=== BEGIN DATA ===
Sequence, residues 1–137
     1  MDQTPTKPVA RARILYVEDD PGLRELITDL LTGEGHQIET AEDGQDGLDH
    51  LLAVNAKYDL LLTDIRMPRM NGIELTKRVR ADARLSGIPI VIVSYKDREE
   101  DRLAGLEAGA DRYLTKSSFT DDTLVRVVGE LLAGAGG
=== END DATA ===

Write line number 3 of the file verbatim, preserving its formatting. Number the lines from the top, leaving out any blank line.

    51  LLAVNAKYDL LLTDIRMPRM NGIELTKRVR ADARLSGIPI VIVSYKDREE